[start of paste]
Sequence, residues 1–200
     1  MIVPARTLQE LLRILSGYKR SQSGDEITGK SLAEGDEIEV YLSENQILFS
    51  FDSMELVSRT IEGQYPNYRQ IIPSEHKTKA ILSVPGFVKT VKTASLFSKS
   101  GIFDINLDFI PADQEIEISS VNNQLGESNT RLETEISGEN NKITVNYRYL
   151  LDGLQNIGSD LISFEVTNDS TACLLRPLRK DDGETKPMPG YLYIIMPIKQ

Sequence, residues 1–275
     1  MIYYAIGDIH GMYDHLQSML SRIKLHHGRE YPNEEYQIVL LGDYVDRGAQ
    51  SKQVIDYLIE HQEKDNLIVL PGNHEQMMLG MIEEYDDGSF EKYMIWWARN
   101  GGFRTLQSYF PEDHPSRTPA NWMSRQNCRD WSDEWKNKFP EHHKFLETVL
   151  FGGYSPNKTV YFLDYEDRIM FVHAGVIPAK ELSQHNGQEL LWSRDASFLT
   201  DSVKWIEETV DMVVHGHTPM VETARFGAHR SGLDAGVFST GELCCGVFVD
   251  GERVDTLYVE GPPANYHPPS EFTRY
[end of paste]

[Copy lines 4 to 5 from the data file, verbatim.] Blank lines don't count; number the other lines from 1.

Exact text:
   101  GIFDINLDFI PADQEIEISS VNNQLGESNT RLETEISGEN NKITVNYRYL
   151  LDGLQNIGSD LISFEVTNDS TACLLRPLRK DDGETKPMPG YLYIIMPIKQ